Data Science

Data science is dead?

A rather odd way to start my first post but stay tuned i’ll get to the point shortly! This whole conversation around data science being dead as always originates from my many conversations with subject matter experts daily but in particular the data to back it up is there.


If we consider the “best jobs” ranking from Indeed from 2017 to 2019, we will see that the role “Data Scientist” has been steadily dropping. In fact I had to zoom out so much by the time I hit 2019 figures to show how far down it had fallen, significantly out of the top 10 zone. Conversely, we have seen the role title “machine learning engineer” (MLE), out of nowhere in 2017 rapidly advance to the top – The number one “best job” in the USA. According to Indeed….

We defined “best” as those experiencing the fastest growth (measured by the increase in job postings between 2015 and 2018) and offering the highest pay (using a baseline salary of $75,000).

Source: Indeed
Indeed “best jobs” from 2017 to 2018

data scientist vs. machine learning engineer

Fundamentally, data scientists are typically focussed on solving the problem via model development (lots of math), experimenting and prototype development of their solutions (coding). Whilst machine learning engineers essentially focus on deploying these solutions. In other words they really are doing alot of coding. The problems have been solved by the scientists and now they are tasked with engineering the solution for scaleability and deploying into real world scenarios. I would argue that its not so much that the data science role is dead, but as more businesses and organizations embrace data and its associated technologies the demand has shifted from experimenting to practicality. Yes we’ll need that data scientist that can build, tune and hack models but essentially if we are going to utilize this in a real world scenario continually we are looking for hard core coding skills to support this (in comes the machine learning engineer!). So we are going to need lots more of that MLE than perhaps scientist on the data team.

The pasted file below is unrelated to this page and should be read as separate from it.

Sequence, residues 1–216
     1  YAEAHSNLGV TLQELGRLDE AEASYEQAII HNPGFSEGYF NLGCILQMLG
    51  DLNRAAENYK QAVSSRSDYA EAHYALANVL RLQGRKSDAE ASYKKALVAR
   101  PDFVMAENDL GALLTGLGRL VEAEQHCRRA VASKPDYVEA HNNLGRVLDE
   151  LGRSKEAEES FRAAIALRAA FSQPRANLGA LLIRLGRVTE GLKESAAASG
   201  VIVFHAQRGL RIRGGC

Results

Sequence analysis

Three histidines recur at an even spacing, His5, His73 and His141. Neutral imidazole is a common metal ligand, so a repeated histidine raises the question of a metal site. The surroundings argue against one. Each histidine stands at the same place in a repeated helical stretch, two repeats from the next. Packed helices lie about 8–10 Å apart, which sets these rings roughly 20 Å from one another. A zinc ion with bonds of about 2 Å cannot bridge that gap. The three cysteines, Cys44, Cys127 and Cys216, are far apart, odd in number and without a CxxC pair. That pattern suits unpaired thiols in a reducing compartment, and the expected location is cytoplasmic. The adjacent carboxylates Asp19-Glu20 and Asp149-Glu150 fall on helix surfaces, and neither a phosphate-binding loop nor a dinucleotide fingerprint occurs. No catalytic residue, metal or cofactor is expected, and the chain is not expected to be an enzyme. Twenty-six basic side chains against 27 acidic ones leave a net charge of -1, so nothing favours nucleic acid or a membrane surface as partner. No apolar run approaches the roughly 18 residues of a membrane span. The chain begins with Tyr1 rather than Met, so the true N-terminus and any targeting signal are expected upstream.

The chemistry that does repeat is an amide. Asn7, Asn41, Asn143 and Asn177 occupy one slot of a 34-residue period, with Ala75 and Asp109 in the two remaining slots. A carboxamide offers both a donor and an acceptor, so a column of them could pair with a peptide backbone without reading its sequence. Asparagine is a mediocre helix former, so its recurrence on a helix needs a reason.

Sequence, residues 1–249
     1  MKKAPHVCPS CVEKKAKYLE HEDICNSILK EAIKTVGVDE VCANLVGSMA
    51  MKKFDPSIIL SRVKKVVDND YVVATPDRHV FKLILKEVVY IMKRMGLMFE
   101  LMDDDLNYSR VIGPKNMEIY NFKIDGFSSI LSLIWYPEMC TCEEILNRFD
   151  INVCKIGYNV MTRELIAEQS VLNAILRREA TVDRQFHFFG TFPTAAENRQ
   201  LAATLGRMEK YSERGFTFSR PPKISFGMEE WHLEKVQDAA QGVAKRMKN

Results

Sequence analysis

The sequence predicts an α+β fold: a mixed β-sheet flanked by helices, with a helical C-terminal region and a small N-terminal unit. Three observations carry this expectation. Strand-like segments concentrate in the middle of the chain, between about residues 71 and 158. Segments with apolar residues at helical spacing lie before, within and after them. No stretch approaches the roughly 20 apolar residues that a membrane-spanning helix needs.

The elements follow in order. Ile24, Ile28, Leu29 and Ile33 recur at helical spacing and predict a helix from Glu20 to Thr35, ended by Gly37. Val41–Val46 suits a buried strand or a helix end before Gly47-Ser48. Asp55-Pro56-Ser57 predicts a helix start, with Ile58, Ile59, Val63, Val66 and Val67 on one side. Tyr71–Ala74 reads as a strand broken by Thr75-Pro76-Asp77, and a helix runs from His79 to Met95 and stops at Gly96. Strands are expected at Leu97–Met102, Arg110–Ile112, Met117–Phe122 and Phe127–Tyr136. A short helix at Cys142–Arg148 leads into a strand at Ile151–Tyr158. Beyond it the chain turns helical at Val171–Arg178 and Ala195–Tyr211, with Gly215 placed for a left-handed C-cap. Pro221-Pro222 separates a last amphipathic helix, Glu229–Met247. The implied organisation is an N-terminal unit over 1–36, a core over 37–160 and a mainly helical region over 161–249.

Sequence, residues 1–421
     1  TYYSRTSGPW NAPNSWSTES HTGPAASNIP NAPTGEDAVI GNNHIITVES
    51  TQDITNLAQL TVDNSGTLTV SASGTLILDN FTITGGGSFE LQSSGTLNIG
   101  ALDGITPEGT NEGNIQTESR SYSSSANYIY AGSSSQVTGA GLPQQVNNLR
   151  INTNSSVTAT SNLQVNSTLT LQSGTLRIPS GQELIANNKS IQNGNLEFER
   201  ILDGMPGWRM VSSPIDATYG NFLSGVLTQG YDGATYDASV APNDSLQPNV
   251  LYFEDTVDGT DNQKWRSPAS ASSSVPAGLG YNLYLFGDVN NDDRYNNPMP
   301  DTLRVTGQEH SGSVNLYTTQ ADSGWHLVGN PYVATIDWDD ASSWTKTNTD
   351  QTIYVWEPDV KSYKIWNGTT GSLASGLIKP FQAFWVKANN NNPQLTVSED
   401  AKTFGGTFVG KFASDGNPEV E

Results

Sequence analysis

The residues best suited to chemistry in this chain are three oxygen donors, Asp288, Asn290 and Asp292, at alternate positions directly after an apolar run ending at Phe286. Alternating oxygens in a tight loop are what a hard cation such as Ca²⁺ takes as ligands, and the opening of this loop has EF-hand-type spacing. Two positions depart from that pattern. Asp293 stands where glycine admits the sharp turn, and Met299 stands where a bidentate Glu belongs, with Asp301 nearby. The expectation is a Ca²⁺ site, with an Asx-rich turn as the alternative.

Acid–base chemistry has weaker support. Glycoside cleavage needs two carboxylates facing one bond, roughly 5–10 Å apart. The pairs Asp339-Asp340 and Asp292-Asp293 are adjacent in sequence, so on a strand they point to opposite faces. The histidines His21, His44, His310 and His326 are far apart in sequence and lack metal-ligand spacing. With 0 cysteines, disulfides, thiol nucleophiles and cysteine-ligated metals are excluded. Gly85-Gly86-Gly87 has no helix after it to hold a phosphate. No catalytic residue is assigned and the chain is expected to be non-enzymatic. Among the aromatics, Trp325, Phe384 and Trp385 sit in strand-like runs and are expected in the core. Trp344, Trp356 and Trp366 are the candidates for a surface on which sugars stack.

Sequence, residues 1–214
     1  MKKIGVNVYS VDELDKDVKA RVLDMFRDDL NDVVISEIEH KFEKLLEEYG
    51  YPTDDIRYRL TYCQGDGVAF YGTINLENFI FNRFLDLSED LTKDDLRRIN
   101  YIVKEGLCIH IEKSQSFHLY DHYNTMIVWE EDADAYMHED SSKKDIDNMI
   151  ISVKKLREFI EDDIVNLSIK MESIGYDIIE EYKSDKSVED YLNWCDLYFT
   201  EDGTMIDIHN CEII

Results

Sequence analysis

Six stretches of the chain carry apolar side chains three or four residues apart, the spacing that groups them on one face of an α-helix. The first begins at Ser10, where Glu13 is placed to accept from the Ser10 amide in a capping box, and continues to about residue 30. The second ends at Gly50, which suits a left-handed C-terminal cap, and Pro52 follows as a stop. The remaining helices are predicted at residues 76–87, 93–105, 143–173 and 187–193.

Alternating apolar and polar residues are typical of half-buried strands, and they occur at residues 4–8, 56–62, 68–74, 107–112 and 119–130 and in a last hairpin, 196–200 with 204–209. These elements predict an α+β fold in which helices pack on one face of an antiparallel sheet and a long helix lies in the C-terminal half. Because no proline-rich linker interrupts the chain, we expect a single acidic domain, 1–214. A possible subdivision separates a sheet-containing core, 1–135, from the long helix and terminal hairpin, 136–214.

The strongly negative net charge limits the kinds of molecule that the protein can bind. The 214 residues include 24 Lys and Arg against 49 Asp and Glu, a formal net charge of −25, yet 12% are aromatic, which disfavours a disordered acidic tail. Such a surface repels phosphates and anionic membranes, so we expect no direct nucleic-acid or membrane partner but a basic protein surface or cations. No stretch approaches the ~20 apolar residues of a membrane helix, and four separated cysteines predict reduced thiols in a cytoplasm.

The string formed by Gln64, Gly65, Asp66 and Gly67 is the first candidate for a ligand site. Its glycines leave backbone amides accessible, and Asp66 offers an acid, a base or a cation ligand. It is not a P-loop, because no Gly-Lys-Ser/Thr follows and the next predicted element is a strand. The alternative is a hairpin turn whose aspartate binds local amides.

Generally, a data scientist isn’t a “junior” role. It takes time to hone the essential skills and domain expertise to really deliver value. These scientists rely less on coding (perhaps more hacking?) as they move up the ranks to impact decision at the C-level. With the advent of automated ML, the fact modelling typically isn’t a significant part of the day-day work, most of the activities converge to data sourcing and management and model deployment. In other words advanced SQL skills and python/big data framework technologies.

so what career track should you take?

Focus on your strengths when it comes to career planning, but if you are taking into consideration where the market is heading know that true data science roles will be fewer and more competitive to break into. There is going to be increasing demand for MLEs who can code. It seems software is still eating the world and it will be nigh impossible to live in the future without getting to grips with the tenets of coding.

What are your thoughts? Please share your experiences and insights below!

About the author


May is a student of data science and recently completed a tech entrepreneurship MBA. She also runs a tech podcast around emerging markets for Cornell University and is fascinated by the world of Big Data and sharing insight.

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